The Scottish Government has rejected that new offshore wind jobs figures published by the Office of National Statistics (ONS) reflect a decline in sector employment.
The latest data provided by ONS shows Scotland experienced a steep decline in the sector in 2018 as the number of businesses created in the sector stagnated.
Its five-year look across the renewable energy sector showed that while direct employment numbers had steadily increased in offshore wind between 2015 to 2017 from 400 to 2000 jobs, respectively, 2018 saw a drop of around 300 jobs.
The current direct job number in the offshore wind sector in Scotland is understood to be around 1,900.
Businesses operating in the offshore wind sector in Scotland has remained around 500 over the five-year period.
Scottish Energy Minster Paul Wheelhouse said last night he “didn’t accept” that the figures say definitively that the number of jobs in the offshore wind sector in Scotland have decreased.
But he added that the Scottish Government was doing everything within its “existing, limited devolved powers to retain and boost job numbers”.
The figures come as the Scottish Government last week introduced a strict new rule change requiring offshore wind farm developers to set out how they plan to create local jobs.
A number of trade unions have accused the sector of shunning Scottish firms in an effort to cut costs.
Dave Moxham, deputy general secretary of the Scottish Trades Union Congress (STUC), claimed the numbers identified an “ongoing trend” and a “failure to capitalise on the potential supply change opportunities of offshore wind”.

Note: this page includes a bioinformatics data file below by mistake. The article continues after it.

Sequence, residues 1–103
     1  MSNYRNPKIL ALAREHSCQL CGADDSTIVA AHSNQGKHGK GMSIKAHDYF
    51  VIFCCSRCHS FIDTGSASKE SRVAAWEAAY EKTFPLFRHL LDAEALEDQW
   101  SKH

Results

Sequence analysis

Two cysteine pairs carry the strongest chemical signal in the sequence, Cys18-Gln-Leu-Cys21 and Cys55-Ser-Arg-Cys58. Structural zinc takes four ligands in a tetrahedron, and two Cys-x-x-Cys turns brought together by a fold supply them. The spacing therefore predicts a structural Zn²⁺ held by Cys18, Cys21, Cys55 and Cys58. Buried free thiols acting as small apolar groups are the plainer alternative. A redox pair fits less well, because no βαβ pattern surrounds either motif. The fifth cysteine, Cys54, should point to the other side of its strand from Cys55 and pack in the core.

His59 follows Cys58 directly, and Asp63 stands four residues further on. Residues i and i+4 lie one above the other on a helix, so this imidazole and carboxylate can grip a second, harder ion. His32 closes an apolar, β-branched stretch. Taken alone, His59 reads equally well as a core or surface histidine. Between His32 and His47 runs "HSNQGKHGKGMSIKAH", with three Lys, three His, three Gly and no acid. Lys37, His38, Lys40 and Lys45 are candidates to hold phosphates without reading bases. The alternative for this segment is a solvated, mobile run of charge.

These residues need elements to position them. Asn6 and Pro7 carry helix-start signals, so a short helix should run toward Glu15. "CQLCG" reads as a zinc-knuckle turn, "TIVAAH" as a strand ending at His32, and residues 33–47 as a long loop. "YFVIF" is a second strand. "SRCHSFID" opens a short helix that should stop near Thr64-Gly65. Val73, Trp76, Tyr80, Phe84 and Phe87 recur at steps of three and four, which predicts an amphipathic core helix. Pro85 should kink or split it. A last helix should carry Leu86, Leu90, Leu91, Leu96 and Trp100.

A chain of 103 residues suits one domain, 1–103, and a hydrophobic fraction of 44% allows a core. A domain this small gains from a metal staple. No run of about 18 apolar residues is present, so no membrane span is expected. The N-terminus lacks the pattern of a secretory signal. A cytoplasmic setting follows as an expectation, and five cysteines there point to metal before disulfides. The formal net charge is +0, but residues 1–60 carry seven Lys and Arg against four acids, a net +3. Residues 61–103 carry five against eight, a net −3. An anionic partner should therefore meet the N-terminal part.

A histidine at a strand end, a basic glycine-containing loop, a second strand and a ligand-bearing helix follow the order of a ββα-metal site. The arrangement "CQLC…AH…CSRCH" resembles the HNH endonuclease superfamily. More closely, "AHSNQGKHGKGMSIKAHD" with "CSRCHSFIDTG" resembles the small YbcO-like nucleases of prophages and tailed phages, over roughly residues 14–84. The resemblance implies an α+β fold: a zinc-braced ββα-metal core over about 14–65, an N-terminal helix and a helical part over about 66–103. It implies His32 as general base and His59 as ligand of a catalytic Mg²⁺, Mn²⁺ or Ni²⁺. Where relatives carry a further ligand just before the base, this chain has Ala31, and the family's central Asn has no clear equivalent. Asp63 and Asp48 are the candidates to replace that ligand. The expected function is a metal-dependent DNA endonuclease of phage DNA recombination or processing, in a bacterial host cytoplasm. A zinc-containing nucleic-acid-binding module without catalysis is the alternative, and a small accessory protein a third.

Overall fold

He said the figures also suggest “that there is no effective strategy” in Scotland for businesses to transition from offshore oil and gas to offshore wind.
Mr Moxham last night hit out at the Scottish Government for “on the one hand arguing for increased local content” but failing to deliver jobs for the sector.
Mr Wheelhouse added that Scottish Government it was making efforts to “support the local supply chain to improve its competitiveness in winning work” for the construction phase of offshore wind projects to “maximise the economic impact”of operations and maintenance activities over the lifetime of the projects.
Joanna Hamilton, legal director at UK law firm TLT, said the latest statistics indicate a slight decline in offshore wind, with overall turnover down from an estimated £308,000 in 2016 to £261,000 in 2018 and sector employment reducing “in line with the market”.
She added: “The good news is that this seems only to be a small setback for Scottish offshore wind, and the dip we’ve seen is likely to be relatively short-lived.”